Virtual Reality Made in Germany
In Germany, a lot more could be done in terms of subsidies for virtual reality projects. At least that's how the appeal could be understood that curator Astrid Kahmke made to politicians at the opening of Virtual Worlds, FILMFEST MÜNCHEN's VR section, on Tuesday. This concerns not just the financial scope; in her view, there ought to be more sources of funding that are geared specially to VR, as opposed to offshoots of film and video game subsidies, as well as support for the distribution of VR. FILMFEST MÜNCHEN's first virtual reality section has a strong French-language dimension, with France as the guest of honor and support for VR pioneers coming from Canada's French-speaking province of Quebec as well. However, numerous German entries in the competition prove that high-quality VR experiences are also being developed here.
These open up worlds that are normally not accessible. In INSIDE TUMUCUMAQUE, for example, users can hang out with bats and swim with the crocodiles in the Brazilian rainforest. This project by Filmtank and the Interactive Media Foundation was made possible by support from the Museum für Naturkunde (Museum of Natural History) Berlin. Accordingly, it's in the tradition of nature documentaries, but it expands these to let users experience the perspectives of animals from their own body. From the vantage point of a spider, things look very different.
A documentary approach is also taken in BLAUTOPF VR, though the experience is also an exciting adventure game. The user dives quite literally into a system of caves underneath the Blautopf spring in southwestern Germany, explores the depths of its chambers, and is all of a sudden completely alone. A secret lurks between the stalactites. These caves are not accessible to tourists; they can be explored only in the virtual world. This VR experience was produced using a photogrammetric analysis of tens of thousands of photos that were taken during an expedition lasting several days. A further experience seeks out a special place not in the deep, but far above the Earth's atmosphere. In 2ND STEP: FROM MOON TO MARS AND BEYOND, the user stands next to the Apollo 11 lunar module on the moon, then on the edge of a volcano on Mars.
While the experiences described above recreate real places, the spaces in other projects are almost completely a product of the imagination. In the German-French co-production ACCUSED #2: WALTER SISULU, for example, crude animated sequences of black-and-white drawings bring Nelson Mandela's mentor to life. In sync with the original audio recordings of the trial against him and other members of the ANC, for which no images or footage exist, a racist attorney rants as he walks around the viewer.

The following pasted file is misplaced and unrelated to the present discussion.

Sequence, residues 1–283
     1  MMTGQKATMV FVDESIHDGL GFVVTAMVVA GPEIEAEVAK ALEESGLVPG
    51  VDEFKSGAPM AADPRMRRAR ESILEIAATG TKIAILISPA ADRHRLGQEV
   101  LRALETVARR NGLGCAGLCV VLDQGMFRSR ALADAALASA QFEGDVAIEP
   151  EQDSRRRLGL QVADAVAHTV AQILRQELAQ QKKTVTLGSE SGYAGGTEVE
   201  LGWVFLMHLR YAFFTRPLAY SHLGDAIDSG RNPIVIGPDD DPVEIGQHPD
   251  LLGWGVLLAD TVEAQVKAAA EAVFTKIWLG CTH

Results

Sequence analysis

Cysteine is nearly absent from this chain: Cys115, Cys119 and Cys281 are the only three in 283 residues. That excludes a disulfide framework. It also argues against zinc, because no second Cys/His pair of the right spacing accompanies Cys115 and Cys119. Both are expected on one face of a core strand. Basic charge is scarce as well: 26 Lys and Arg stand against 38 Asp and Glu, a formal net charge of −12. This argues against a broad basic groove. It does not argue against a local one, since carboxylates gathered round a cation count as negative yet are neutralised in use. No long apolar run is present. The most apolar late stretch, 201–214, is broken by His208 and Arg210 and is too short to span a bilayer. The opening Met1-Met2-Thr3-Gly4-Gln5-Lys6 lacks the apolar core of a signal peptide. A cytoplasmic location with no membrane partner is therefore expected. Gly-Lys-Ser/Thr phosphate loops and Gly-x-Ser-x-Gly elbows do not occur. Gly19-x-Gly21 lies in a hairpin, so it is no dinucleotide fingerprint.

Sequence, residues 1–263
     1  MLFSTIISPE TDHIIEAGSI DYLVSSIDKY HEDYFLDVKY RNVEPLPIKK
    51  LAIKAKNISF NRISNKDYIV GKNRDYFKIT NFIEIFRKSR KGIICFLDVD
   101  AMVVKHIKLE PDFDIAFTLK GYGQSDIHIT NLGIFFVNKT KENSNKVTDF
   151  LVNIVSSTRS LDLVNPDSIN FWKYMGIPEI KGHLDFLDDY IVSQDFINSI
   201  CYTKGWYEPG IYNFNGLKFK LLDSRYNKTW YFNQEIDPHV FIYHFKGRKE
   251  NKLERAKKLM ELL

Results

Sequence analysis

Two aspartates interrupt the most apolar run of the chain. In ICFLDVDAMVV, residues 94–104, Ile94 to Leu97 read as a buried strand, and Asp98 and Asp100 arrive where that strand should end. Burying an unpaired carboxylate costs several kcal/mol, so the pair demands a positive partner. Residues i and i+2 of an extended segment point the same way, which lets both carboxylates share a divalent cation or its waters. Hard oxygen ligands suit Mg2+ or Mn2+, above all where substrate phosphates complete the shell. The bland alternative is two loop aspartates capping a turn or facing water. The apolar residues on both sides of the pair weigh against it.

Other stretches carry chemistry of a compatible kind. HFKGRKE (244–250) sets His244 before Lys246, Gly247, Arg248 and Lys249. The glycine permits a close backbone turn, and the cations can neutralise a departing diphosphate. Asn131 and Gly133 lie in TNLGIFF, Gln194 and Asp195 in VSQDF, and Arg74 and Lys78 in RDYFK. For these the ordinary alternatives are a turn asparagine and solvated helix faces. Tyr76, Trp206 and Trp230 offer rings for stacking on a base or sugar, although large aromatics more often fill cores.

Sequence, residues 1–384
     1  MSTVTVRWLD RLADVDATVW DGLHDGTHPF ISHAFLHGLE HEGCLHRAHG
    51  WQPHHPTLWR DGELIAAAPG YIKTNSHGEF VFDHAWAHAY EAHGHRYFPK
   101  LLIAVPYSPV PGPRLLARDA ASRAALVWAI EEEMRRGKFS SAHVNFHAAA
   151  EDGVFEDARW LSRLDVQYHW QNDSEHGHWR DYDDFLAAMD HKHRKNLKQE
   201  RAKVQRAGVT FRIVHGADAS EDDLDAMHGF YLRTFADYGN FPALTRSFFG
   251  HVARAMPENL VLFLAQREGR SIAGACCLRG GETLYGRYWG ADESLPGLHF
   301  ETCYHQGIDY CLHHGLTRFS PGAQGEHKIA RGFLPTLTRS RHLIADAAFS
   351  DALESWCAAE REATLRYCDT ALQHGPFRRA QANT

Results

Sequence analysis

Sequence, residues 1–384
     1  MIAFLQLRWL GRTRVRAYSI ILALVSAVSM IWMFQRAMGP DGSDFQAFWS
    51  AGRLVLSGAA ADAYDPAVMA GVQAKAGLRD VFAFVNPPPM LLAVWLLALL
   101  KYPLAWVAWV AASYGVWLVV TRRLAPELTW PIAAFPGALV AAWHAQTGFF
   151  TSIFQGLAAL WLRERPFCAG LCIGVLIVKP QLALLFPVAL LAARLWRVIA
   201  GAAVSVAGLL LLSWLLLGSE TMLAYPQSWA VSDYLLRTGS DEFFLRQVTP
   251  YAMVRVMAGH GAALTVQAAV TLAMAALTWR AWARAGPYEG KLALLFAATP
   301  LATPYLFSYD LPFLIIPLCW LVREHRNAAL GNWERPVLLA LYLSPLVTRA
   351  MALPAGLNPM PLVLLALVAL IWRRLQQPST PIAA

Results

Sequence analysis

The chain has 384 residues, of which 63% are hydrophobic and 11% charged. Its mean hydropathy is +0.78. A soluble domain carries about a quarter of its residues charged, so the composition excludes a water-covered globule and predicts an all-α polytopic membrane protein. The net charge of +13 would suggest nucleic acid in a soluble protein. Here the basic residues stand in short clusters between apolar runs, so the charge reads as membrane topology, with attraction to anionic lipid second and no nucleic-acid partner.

In drawings and the recollection of a professional colleague in BAUHAUS IN BAVARIA, the architecture of Walter Gropius develops to the point where the plans match the buildings that stand today. This 360-degree film by Schwarzbild Medienproduktion in Munich shows the Rosenthal factory am Rothbühl in Selb and the glass cathedral in Amberg from a completely new perspective. It explains the ideas of its creator as well as his friendship with porcelain manufacturer Phillip Rosenthal.
Other makers of VR focus entirely on the visual arts. The Masters' Visions series is a German-Norwegian-French co-production for Arte, among other things. At the festival, interested VR-nauts can literally step inside the paintings MONK BY THE SEA by Caspar David Friedrich, THE SUN by Edvard Munch, and WATER LILIES by Claude Monet. Only the third of these is not part of the competition. Standing virtually in the middle of these well-known paintings offers a whole new way of experiencing them.
Things turn completely abstract in the German-French co-production FEVER, which was already shown in Cannes. As hallucinatory as in a fever dream, disembodied hands float through the room and grasp the user while a report on warmth and the body is heard. This is definitely more a poem than a documentary, although the sensual nature of virtual reality definitely blurs the boundary between the two, in this and the other experiences.
The Virtual Worlds entries that were produced in part by German companies run the gamut of the medium, from 360-degree film to interactive VR game, from a documentary to an artistic approach. You can try out these exhibits yourself by reserving one of the few remaining time slots at virtualworlds-munich.com or by turning up at the Isarforum without a reservation and being lucky enough to get an open slot. On Thursday evening, we'll see what the international jury says to VR made in Germany.